While different cultures have different holiday traditions, some are more unsettling than others. Most of us have used Santa Claus and perhaps the Elf on the Shelf to discourage bad behavior because children know the rules all too well; misbehave and Santa won’t leave you any presents. Turns out, there are some more scary, menacing tactics in certain places in the world to remind people to behave during the holiday. Since travel is the number one wish-list item this holiday season, we want to make sure you’re prepared, just in case you’re planning to spend Christmas in any of these places. While many of these may simply be urban legends, we assume you’d rather be safe than sorry!
The Yule Cat is Iceland’s way of promoting good behavior. The Yule cat is a carnivorous Christmas monster who will eat you if you don’t give him a proper offering. The only thing the Yule Cat will accept is new clothes, so if you live in Iceland and don’t get any new clothes for Christmas, kiss the holidays goodbye cause your days are numbered.
If you thought that ghosts and goblins only come out during Halloween, you’re in for a shock if you spend Christmas in Greece. The Kallikantzaroi are mythical goblins, elves, and gnomes that appear during the 12 days of Christmas (the end of December until January sixth).
These evil elves come up to the Earth’s surface during the Winter Solstice and wreak havoc, mischief, and mayhem. According to this article, “The Kallikantzaroi cause mischief, they intimidate people, urinate in flowerbeds, spoil food, tip things over and break furniture.”
Some believe that you can ward off the Kallikantzaroi by marking your door with a black cross on Christmas Eve. Either way, just be glad these guys only stalk the Earth for 12 days each year.
Mari Lwyd, or the Zombie Christmas Horse, is a Welsh holiday tradition. Imagine Christmas carolers showing up to your door dressed as a monster with a horse skull.
Mari Lwyd is typically celebrated on New Year’s Eve, which marks the festival of light and rebirth, thus Mari Lwyd is the rebirth of a dead horse.
Mari Lwyd and her group arrive at your door and sing a song, which is a request to be let in for food and drinks. If you don’t wish to let the zombie horse into your house, you must engage in a battle of wits which includes riddles, challenges, and insults, which must be delivered in the form of a rhyme. If you don’t want Mari Lwyd to eat you out of house and home, you better come up with some creative rhyming retorts, quick!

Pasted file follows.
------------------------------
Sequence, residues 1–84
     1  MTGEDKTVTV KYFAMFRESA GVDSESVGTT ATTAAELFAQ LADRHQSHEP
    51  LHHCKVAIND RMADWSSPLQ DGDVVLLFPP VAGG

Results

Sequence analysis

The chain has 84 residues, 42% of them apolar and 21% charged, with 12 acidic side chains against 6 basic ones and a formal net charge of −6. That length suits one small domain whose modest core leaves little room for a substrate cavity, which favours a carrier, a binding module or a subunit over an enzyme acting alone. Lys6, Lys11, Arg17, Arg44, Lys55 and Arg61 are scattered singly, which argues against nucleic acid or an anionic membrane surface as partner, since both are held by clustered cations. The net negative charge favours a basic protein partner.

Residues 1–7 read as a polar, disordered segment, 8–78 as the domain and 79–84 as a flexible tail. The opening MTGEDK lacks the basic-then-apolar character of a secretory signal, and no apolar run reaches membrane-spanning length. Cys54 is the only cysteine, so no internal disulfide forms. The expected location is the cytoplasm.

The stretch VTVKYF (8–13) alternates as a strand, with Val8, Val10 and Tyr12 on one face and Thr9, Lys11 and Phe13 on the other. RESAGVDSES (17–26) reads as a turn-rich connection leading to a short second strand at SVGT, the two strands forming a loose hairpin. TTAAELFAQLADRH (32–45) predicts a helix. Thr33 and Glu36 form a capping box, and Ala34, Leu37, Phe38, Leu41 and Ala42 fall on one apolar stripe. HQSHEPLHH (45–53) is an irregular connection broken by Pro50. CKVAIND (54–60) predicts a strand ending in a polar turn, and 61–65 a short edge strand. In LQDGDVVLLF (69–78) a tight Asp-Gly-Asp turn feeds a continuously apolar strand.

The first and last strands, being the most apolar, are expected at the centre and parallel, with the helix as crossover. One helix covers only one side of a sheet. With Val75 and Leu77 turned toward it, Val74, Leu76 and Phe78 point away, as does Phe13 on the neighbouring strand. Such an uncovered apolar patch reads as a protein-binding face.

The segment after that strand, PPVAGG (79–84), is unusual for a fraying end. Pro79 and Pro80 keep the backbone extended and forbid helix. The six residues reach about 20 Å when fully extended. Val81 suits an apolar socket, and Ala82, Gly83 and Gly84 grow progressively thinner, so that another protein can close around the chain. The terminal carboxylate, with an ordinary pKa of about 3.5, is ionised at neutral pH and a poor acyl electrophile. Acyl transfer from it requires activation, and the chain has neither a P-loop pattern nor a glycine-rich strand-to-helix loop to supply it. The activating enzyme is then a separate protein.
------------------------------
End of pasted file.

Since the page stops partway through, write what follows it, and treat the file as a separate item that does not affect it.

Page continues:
There’s nothing like being caught with your pants down during the holidays! Unfortunately for the Cagner, he’s immortalized in this unfavorable position. This figurine appears in nativity scenes all across Catalonia as well as certain areas in Spain, Portugal, and Italy. Guess we know at least one person who’s having a crappy Christmas…
Some kids are deathly afraid of Santa Claus. When you try to take their pictures with the jolly gift giver at the mall, they scream their little heads off. Well, Santa Claus is nothing compared to Krampus.
Sure, St. Nick will might put coal in your stocking if you misbehave, but his evil sidekick, Krampus, abducts naughty children in Austria, Hungary, Slovenia, and Croatia, takes them to his lair and devours them!
Perchta is another delightful demon who strikes during the 12 days of Christmas; wrong her and she’ll slit your stomach.
According to legend, if you anger her on her feast day (by eating anything besides fish and gruel) or if you’re a misbehaved child, she’ll slit your stomach and stuff it with straw.
No gifts for misbehaved kids is a normal trend on Christmas, but the punishment is a little more harsh in Germany. Clothed in rags and fur to hide his identity, Belsnickel makes house calls in the weeks leading up to Christmas to give children one last warning to behave.
If children don’t heed his warning, they can expect a beating from Belsnickel himself.
With all the craziness of the holiday season, it’s easy to forget the origins of Christmas and Hannukah. For kids in Germany, however, there are some steep consequences for forgetting the true meaning of the season.
Knecht Ruprecht visits the kids and asks them to pray. If they oblige, he rewards them with gingerbread. If they’re unable to pray, they can expect to receive some useless junk, and if they refuse, Knecht Ruprecht beats them with a bag full of ashes.
The moral of the story is, if you’re traveling during the holidays, remember to be on your best behavior! You should be a courteous guest no matter where you go, but if these urban legends are true, someone is always watching during the holidays!
Where are you spending the holidays this year? Let us know in the comments below!